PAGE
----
"True" and "False" Movement Redux (Re: Tom Gunning)

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 Yesterday I posted a response to David Rodowick's talk in which I explored the logical consequences of branding movement that reflects an ontological reality as "true" and that which does not as "false."  The problem as I see it is that we're making unnecessary distinctions between kinds of moving images that are phenomenologically not all that dissimilar.  But then again, I'm not at all clear on what would be at stake by branding movement as "true" or "false."  While there appears to be some value judgment associated with the terms that automatically strikes me the wrong way ("true" being more immediately desirable than "false" for some reason), I don't actually believe that Rodowick means to privilege one over the other.  What I want to do here is bring some of the points made by Tom Gunning today into the mix and see what we can come up with.
 
Gunning spoke at length today about the importance of persistence of vision (as an explanatory concept, regardless of its truth value), afterimages, nineteenth century optical toys, and the nature of human vision: in short, about the paradox that is the moving image.  I enjoyed his talk thoroughly (I, like my colleague Julien, have long admired his work and was thrilled by the opportunity to see him speak in person) and believe that it can help me to expand on what I was trying to get at in my earlier post on Rodowick (which was itself largely inspired by Gunning's question during the discussion period).  
 
I'd like, then, to invoke once more the idea of "true" and "false" movement, which seems to be at issue in Gunning's talk as well.  Again, "true" movement describes that which corresponds to an ontological reality while "false" movement does not.  The question becomes, for Gunning, whether the movement captured and projected by cinema - that is, movement that is doled out a frame at a time - can be described as "real" movement at all.  To this, I have to arrive at much the same conclusion as Gunning, namely that if we experience it as movement, then why should we think of it as "false?"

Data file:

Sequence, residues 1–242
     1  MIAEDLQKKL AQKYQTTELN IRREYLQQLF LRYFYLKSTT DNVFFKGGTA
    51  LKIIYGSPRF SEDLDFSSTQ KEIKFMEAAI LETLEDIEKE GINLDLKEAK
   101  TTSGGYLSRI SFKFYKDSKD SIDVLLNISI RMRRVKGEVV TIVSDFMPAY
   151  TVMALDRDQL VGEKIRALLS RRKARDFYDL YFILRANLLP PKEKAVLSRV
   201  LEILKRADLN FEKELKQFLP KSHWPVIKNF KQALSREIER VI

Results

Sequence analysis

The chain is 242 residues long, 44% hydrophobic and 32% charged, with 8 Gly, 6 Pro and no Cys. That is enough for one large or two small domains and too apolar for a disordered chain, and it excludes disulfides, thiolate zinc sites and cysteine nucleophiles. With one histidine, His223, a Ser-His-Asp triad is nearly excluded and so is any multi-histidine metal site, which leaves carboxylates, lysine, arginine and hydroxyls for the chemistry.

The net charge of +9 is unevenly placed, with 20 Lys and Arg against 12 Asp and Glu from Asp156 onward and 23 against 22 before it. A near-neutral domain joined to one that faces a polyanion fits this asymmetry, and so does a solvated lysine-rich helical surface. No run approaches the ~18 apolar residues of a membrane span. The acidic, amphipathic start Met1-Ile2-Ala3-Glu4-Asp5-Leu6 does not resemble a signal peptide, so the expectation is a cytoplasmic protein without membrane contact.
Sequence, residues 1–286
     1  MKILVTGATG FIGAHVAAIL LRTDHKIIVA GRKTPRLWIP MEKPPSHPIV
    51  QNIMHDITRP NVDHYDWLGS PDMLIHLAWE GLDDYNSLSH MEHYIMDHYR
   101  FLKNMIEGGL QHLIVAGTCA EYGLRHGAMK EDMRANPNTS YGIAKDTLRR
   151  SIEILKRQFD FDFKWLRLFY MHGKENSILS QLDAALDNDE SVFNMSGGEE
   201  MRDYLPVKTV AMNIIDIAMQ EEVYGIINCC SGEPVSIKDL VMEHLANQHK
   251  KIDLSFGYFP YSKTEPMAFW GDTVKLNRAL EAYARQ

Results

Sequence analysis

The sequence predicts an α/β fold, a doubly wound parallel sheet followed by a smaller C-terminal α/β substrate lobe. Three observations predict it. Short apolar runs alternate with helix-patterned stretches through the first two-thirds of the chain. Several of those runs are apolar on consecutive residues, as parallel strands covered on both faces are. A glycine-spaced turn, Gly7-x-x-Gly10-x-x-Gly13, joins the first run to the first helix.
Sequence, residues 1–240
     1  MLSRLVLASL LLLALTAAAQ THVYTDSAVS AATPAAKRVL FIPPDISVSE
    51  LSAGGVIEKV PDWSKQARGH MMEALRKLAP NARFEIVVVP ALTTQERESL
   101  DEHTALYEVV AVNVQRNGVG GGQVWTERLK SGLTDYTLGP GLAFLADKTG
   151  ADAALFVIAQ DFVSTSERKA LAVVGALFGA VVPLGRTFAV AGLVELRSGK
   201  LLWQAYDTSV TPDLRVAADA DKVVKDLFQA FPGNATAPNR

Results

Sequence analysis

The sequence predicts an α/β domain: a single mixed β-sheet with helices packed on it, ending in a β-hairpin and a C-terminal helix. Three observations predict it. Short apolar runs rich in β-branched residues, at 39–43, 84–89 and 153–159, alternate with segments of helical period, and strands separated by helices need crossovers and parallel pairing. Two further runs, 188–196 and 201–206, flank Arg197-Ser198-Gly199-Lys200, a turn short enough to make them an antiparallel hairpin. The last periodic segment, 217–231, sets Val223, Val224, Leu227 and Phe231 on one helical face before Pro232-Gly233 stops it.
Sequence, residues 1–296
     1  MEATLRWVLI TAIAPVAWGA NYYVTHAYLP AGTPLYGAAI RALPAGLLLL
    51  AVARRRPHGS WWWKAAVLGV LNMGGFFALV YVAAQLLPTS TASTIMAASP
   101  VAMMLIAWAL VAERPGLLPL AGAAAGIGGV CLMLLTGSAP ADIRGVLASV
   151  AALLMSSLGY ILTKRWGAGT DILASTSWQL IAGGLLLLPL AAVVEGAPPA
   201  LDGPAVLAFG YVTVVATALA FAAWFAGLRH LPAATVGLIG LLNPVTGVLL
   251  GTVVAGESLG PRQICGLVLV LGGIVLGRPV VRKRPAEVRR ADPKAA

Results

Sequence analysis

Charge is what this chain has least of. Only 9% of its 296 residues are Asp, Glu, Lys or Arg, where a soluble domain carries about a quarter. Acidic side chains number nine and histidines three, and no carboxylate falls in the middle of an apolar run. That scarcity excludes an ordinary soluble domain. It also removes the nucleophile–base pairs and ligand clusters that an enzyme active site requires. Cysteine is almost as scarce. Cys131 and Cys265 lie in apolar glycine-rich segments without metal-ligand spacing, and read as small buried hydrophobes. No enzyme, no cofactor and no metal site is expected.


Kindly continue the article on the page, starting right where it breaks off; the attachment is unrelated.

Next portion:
I enjoyed the revelation that one of the root words from which phenakistoscope is derived means "deceiver," that it sets itself up as a simulator of movement by definition.  Indeed, all moving images could be considered in this way.  But what exactly does it afford us to do so?  It strikes me as analogous to considering a novel as a series of discrete letters, or to draw on a cliche, to not see the forest for the trees.  
 
I recently wrote a paper theorizing 3-D cinema, in which I drew upon Gunning's "cinema of attractions" (I'm sure I'm one of many to have made such a comparison).  But what I saw as the fundamental intervention of 3-D cinema was its reassertion of the apparatus's role in the phenomenology of the moving image.  By placing the 3-D glasses on his/her face, the spectator agrees to be tricked by the film and indeed participates in his/her own deception.  This is analogous to the experience of the optical toys outlined by Gunning today.  As Jonathan Crary points out, the nature of their mechanical operation is not being disguised, but is rather on display.  We can look at the still images before we spin the wheel and make them "move."  The average cinema does, in contrast, disguise the means of its operation by placing the projector behind closed doors.  This is where the 3-D glasses come in.  They require the consent and participation of the viewer to function, like the direct participation required of the phenakistoscope or to zoetrope.  Also, we can take the glasses off and reveal the "truth" underneath the illusion, just as if we were to arrest the movement of the phenakistoscope's wheel.  As such, I think that the popularity of 3-D cinema provides us with some anecdotal evidence that audiences are aware that cinema is based on a visual trick, but that they don't mind one bit.  To bring it back to the "true" or "false" question, 3-D also provides us with a suggestion as to the answer.  Nobody would argue that 3-D provides us with "real" spatial depth.  But if we experience it as such, and our viewing of the film is enhanced by its addition, then phenomenologically speaking, it's "true" enough.

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